How to Prevent Rats From Eating Tomatoes

How to Prevent Rats From Eating Tomatoes.

A fine window screen an help protect crops from rodents. Cut the screen into about a one foot square sheet or smaller if necessary. Wrap khusus tomato clusters in the pliable screen. When you have a basket of sorts around the cluster, fasten it closed with clothespins. You might need five or six pins depending on the size of the cluster. Make sure the cluster is closed to ensure protection. (Igor Kireev/Dreamstime/TNS)

By Joan Morris, The Mercury News

Rats getting more of your fruits and vegetables than you are? Recently, I asked readers to share their nonlethal methods of keeping the little beasties at bay, and here are some of the responses.

Dear Joan: I have a solution: fine window screen. It’s an extreme measure I take to prove that I’m smarter than a rat.

I cut the screen into about a 1 foot square sheet or smaller if necessary. I then wrap individual tomato clusters in the pliable screen. When I have a bola keranjang of sorts around the cluster, I fasten it closed with clothespins. I might need five or six pins depending on the size of the cluster.

It worked so well this year that I could have my neighbors over for BLT sandwiches. In previous years I thought wrapping the screen around the tomato in its cage would be enough, but no, the vermin always found a hole somewhere. But enclosing the cluster is a sure thing.

Mind you, it’s tedious and touchy getting it done, yet now I’m defeating the rats and having my BLTs, too. This method has also worked to protect my fig crop. I hope you will share this with our gardening community. — Skuat A.

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Dear Tim: That’s a lotre of work for a sandwich, but I get it. Fewer things in life are better than fresh, homegrown tomatoes.

I hadn’t heard of the individual screening method, although I do know people who’ve had success on their fruit trees by enclosing each fruit inside those plastic, clam shell cases that you purchase berries in. Those might also work for tomatoes. Anyone ever tried them?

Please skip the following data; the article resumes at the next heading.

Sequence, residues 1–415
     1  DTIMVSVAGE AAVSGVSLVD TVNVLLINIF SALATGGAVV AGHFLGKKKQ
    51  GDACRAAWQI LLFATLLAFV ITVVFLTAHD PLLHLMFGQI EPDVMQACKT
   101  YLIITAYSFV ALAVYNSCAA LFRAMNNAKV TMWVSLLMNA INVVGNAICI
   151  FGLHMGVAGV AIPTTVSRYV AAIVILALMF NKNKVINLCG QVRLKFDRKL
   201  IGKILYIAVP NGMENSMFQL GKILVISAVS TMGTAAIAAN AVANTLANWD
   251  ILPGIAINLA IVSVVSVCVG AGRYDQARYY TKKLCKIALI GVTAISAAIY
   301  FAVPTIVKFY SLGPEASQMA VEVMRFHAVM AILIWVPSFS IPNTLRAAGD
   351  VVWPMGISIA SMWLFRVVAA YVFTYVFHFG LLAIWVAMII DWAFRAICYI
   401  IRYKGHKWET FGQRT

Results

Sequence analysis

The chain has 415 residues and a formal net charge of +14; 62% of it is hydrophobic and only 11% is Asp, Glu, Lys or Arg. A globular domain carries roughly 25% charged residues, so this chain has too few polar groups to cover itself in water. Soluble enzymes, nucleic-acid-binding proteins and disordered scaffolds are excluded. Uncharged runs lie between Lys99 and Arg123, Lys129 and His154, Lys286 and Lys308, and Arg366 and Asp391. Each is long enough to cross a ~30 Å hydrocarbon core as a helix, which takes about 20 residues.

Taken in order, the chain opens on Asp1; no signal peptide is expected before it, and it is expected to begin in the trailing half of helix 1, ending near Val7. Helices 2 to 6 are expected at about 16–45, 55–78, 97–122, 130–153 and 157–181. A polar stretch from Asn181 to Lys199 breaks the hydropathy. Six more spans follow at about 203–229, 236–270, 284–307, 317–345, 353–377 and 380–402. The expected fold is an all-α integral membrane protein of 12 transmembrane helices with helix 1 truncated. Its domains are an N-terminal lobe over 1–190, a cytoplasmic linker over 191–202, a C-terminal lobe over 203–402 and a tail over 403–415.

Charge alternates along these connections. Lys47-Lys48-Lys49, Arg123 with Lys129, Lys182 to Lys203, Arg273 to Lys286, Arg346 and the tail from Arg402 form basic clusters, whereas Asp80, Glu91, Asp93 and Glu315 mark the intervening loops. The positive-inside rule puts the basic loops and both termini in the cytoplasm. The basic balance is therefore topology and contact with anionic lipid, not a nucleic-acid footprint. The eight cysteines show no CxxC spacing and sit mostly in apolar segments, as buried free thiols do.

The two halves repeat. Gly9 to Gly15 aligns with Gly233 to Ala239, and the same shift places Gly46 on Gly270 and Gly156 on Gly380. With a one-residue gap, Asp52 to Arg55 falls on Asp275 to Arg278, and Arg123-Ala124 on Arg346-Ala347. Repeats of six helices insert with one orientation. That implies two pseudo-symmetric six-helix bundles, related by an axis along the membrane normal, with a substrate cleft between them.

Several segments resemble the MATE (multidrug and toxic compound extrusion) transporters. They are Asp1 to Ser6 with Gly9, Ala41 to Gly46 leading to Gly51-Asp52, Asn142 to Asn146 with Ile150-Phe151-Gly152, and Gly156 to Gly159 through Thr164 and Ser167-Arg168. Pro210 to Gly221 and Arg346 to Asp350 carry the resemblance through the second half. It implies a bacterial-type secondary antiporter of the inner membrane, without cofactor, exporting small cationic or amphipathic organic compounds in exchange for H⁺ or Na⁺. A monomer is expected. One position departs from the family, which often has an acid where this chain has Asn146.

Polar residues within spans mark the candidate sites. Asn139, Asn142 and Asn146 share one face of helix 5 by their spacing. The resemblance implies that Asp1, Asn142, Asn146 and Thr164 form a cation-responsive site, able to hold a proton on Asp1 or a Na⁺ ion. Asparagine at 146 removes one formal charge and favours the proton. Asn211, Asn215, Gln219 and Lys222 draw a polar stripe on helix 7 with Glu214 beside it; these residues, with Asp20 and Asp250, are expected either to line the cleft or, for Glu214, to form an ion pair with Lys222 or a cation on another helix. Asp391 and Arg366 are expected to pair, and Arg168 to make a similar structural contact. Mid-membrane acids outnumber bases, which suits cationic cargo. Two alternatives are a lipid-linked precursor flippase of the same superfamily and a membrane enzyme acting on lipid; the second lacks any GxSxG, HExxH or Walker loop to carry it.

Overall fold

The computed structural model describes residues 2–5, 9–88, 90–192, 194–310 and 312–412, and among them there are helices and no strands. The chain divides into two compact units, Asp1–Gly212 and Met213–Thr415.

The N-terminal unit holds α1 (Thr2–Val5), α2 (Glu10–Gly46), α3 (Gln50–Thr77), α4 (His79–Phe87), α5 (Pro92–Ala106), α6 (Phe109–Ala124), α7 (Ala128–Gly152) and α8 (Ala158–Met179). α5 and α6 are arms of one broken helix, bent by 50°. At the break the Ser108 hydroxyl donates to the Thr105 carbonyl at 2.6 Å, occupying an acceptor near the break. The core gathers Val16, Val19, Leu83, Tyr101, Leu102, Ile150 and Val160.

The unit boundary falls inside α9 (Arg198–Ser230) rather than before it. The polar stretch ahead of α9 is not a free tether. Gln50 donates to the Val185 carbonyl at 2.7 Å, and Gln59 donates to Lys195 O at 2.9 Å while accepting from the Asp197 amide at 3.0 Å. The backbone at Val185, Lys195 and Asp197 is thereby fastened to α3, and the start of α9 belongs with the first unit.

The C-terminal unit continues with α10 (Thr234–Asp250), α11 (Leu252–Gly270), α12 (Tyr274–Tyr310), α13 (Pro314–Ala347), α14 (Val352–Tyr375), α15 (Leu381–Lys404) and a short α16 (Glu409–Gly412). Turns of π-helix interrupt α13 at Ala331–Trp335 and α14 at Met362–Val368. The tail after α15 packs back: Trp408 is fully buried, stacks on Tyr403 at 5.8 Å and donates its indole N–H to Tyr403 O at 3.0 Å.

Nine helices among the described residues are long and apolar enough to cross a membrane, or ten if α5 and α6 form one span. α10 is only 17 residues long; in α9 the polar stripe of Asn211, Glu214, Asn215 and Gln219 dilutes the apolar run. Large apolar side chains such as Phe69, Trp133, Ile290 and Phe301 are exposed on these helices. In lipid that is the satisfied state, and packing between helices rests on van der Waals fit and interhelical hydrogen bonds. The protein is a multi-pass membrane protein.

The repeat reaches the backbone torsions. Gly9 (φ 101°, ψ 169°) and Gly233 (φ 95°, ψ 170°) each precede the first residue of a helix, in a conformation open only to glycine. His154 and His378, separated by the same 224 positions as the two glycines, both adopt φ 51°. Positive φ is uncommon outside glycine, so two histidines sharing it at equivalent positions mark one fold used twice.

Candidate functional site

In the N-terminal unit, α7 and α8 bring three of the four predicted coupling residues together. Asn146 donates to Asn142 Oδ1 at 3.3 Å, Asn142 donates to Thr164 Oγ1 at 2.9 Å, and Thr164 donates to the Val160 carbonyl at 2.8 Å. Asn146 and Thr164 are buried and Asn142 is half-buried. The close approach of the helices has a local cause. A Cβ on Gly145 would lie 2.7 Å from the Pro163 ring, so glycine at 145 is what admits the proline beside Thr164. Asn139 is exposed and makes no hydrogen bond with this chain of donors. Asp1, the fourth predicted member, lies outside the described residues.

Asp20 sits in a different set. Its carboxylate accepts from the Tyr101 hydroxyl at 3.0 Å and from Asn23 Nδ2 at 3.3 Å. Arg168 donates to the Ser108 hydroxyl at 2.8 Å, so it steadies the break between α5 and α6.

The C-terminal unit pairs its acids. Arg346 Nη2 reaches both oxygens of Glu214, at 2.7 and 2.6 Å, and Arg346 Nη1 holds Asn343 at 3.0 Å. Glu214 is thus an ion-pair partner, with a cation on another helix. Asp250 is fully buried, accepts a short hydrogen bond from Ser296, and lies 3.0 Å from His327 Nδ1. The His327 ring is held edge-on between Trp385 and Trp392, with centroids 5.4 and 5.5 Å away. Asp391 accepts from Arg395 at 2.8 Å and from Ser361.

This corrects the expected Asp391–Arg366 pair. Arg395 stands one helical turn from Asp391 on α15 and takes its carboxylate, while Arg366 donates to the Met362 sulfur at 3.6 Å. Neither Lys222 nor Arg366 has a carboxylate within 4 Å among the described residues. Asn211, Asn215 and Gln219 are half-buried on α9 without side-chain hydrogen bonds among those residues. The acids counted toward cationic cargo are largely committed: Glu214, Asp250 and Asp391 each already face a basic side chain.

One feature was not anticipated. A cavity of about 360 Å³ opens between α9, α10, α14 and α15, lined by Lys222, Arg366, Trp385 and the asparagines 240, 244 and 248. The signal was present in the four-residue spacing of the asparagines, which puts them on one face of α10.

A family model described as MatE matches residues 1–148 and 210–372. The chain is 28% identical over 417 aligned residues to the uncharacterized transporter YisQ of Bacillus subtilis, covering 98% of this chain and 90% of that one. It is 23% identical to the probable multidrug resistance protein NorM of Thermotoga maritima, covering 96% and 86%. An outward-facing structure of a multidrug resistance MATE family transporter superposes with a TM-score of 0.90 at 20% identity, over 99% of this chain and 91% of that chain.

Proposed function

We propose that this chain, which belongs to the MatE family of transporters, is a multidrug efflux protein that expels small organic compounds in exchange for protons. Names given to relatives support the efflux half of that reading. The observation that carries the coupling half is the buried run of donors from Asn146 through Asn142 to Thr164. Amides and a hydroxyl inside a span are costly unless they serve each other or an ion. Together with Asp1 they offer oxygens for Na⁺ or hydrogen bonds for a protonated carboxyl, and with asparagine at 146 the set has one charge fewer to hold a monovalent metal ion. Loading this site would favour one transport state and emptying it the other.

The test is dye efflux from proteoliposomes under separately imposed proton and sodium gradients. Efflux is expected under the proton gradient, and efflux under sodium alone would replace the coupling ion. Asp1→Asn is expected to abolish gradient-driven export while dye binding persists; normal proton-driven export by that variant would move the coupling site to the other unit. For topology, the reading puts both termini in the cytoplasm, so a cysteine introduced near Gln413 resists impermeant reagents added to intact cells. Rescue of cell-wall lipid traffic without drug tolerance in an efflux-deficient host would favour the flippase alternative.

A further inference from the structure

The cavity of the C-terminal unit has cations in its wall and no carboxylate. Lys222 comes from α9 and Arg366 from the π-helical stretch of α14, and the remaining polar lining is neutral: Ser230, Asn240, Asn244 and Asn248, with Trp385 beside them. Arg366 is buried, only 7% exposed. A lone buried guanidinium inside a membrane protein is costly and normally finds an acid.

Dear Joan: The best and probably only way to keep rats from eating tomatoes is this method, documented on the internet.

Allow the tomatoes to ripen during the day, then while still daylight, pick all the red ones and those that have a little yellow or pink at the blossom end. Then put the unripe ones in a closed paper bag or cardboard box, and they will emit ethylene – the gas used by industry to make the winter billiard balls red – which will ripen the tomatoes. This has worked for derita for years.

The rats will still eat a little bit of the green ones, however, but it seems they don’ufuk like them much. We can’cakrawala have everything and they were here before us. — Vaughan J.

Dear Vaughan: I also pick before the tomatoes are completely ripe and then leave them on the windowsill to turn red. They would ripen faster in a bag, but it makes me happy to see them there.

Dear Joan: I purchased a blow-up rattlesnake, 3½ feet long. It is coiled and looks silly to a human, but to rats it is a big deterrent.

I move it around every couple of days to give it a different aspect. They are available online for about $3. — Haryl P.

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Dear Haryl: Desperate times call for desperate measures, but I wonder if it works because the rats see it and laugh so hard they give themselves stomach cramps.

Dear Joan: Elvis, my 18-pound rat terror, is an excellent rat repellent, and nontoxic to boot. Why didn’n you recommend him? He’s low maintenance and can do 400 rats an hour, humanely. — Bruce

Dear Bruce: Elvis is the king.

Joan Morris is the pets and wildlife columnist for the Bay Area News Group. She also writes about gardening and is the founder of Our Garden, a demonstration garden in Walnut Creek. Morris started her career in 1978 as a reporter for a small New Mexico newspaper. She has lived in the Bay Daerah since 1988.

How to Prevent Rats From Eating Tomatoes

Source: https://www.dailyrepublic.com/projects/home-seller/gardeners-outsmart-cunning-rats-to-save-their-tomato-crops/